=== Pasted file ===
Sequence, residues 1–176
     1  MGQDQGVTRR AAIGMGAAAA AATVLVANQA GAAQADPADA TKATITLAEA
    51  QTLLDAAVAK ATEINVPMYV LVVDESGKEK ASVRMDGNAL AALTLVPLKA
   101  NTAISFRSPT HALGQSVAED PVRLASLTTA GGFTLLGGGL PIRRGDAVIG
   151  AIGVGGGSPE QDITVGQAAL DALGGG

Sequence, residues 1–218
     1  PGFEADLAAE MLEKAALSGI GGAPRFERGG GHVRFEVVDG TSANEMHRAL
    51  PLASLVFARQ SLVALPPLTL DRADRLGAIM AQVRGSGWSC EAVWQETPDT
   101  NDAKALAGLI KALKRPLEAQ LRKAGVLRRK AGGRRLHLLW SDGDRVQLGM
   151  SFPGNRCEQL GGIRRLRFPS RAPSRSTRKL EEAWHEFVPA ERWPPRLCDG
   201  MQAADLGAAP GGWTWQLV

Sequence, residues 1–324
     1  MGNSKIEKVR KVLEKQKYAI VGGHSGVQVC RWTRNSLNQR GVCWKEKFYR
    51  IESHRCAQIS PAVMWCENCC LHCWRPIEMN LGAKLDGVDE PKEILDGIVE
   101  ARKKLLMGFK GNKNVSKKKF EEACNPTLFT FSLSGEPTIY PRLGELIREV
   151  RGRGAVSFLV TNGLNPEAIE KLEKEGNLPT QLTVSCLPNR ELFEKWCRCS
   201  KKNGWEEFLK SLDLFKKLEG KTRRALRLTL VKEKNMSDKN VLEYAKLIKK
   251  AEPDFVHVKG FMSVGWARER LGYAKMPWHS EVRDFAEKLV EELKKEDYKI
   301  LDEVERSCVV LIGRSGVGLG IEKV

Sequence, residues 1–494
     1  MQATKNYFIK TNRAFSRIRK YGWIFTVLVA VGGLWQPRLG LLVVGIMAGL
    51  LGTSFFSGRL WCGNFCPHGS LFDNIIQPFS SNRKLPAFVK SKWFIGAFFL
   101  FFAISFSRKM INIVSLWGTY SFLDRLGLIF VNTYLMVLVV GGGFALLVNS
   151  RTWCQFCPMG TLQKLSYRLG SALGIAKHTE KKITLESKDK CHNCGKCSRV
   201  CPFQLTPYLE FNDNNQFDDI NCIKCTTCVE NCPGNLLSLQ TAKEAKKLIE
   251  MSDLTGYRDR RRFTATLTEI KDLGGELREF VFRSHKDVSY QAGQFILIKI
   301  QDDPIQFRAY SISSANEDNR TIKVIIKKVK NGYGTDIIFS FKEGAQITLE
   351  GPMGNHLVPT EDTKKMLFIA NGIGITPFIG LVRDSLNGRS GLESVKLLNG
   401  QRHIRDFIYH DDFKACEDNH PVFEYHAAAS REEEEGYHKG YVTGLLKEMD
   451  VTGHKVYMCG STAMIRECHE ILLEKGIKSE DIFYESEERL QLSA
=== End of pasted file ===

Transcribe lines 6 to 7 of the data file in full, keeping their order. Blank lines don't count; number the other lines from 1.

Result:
Sequence, residues 1–218
     1  PGFEADLAAE MLEKAALSGI GGAPRFERGG GHVRFEVVDG TSANEMHRAL